Date of Award

Summer 2013

Document Type

Dissertation

Degree Name

Doctor of Philosophy (PhD)

Department

Clinical Psychology

First Advisor

Kaugars, Astrida S.

Second Advisor

VanHeck,e Amy

Third Advisor

Nielson, Kristy

Abstract

Children and adolescents living with Type 1 Diabetes Mellitus (T1DM) face many challenges in their daily lives due to the extensive care tasks that the illness requires. Adolescence is a period of development in which treatment adherence and metabolic control has been found to greatly decline. Research examining correlates of this decline in self-management has tended to focus on familial and psychosocial variables such as parental involvement and T1DM-related conflict. The period of adolescence is also marked by several changes in the development of the frontal lobes and prefrontal cortex, which are areas of the brain that are central to executive functioning abilities. The present study will examine executive functioning among adolescents with T1DM to explore its relationship with treatment adherence, metabolic control, and with measures of family involvement in the management of T1DM.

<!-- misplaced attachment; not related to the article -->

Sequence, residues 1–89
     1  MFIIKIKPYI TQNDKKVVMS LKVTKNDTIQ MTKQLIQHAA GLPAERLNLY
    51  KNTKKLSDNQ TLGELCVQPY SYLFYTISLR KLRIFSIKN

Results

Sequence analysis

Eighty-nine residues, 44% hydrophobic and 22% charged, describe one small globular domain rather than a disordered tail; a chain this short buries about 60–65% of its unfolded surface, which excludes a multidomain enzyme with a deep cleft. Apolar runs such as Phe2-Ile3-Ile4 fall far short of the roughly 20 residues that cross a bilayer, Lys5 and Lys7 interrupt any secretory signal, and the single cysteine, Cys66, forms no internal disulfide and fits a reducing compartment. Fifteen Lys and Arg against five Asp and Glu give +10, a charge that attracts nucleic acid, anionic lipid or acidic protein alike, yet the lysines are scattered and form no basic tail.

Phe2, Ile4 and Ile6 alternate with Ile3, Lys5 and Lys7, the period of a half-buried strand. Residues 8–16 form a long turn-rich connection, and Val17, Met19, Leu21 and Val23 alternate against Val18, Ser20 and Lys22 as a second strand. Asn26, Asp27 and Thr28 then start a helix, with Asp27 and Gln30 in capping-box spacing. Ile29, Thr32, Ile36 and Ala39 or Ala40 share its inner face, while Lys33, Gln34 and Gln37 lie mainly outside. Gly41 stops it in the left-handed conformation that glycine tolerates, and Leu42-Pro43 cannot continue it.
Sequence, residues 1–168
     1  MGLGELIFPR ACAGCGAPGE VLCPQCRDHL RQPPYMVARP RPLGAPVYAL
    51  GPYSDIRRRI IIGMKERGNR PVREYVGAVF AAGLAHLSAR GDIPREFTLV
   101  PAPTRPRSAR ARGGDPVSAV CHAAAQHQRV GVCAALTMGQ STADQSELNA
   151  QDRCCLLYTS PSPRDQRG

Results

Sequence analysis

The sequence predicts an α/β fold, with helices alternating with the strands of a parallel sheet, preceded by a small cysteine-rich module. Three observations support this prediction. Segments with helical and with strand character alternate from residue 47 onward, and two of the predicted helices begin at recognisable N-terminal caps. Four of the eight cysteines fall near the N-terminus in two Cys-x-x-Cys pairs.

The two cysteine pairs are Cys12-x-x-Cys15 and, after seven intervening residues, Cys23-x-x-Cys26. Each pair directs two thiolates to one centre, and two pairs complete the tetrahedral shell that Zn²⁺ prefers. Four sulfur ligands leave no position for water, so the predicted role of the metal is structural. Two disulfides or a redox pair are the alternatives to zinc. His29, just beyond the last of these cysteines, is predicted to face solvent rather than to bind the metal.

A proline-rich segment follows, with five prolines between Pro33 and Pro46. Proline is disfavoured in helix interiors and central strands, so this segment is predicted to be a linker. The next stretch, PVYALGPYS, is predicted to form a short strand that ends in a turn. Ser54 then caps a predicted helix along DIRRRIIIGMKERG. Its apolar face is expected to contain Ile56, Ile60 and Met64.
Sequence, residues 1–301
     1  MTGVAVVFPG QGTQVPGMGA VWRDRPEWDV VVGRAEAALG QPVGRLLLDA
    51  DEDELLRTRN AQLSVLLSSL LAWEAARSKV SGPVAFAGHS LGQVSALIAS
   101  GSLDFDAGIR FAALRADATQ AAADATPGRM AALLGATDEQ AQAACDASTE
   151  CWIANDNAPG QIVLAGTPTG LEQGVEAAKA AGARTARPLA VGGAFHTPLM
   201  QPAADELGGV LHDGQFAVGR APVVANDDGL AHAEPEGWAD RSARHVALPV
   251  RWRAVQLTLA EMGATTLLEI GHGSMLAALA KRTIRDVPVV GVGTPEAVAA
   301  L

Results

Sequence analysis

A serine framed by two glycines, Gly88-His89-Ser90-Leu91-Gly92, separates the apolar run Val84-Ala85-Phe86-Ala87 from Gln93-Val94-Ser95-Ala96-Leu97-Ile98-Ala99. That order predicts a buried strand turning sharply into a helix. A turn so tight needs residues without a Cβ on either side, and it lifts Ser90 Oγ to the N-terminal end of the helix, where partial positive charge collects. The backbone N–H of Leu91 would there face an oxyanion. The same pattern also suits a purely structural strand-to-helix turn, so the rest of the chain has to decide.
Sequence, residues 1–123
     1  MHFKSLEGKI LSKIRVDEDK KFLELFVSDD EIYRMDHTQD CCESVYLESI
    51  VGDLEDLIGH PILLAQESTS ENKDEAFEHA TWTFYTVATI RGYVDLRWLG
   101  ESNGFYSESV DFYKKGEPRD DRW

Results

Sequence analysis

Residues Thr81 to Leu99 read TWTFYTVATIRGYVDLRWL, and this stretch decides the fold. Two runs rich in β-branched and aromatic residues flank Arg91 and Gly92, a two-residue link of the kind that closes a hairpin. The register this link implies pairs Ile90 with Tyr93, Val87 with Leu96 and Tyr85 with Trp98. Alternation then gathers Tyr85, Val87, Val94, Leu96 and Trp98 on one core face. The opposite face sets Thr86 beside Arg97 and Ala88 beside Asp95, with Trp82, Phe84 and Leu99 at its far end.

Eighty four adolescents diagnosed with T1DM (ages 12-18) and their parents completed the study. Parents and adolescents completed questionnaires assessing adolescents' executive functioning, parental involvement, monitoring, and conflict.

Adolescents completed neuropsychological measures assessing several aspects of their neuropsychological functioning including their executive functioning, intelligence, and

memory. In addition to this, adolescents' medical records were reviewed to collect hemoglobin A1c (HbA1c) values, which represent levels of metabolic control.

In general, results supported our hypotheses, in that adolescents with better developed parent and self-reported executive functions tended to display better adherence to their T1DM treatment regimen. Additionally, parent and self-reports of adolescent executive functioning were shown to be significant predictors of adherence beyond the contributions of several demographic and family functioning variables. Examination of parents' contributions to adolescents' T1DM management revealed that parental involvement was a significant moderator of the relationship between adolescents' executive functioning and treatment adherence, such that parental involvement had a larger impact for adolescents who demonstrated poorer executive functions.

Overall, the study finds support for measuring executive functioning abilities in adolescents with T1DM as a potentially important contributing factor in aiding adolescents with the complex management of this illness.

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